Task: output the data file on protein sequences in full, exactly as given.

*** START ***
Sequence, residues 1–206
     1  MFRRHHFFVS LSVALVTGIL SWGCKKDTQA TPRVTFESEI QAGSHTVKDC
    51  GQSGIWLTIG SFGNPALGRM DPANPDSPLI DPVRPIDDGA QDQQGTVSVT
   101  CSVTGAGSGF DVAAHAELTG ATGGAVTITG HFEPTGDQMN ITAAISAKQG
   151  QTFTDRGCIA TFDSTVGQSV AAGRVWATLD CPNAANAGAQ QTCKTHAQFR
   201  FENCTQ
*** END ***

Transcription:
Sequence, residues 1–206
     1  MFRRHHFFVS LSVALVTGIL SWGCKKDTQA TPRVTFESEI QAGSHTVKDC
    51  GQSGIWLTIG SFGNPALGRM DPANPDSPLI DPVRPIDDGA QDQQGTVSVT
   101  CSVTGAGSGF DVAAHAELTG ATGGAVTITG HFEPTGDQMN ITAAISAKQG
   151  QTFTDRGCIA TFDSTVGQSV AAGRVWATLD CPNAANAGAQ QTCKTHAQFR
   201  FENCTQ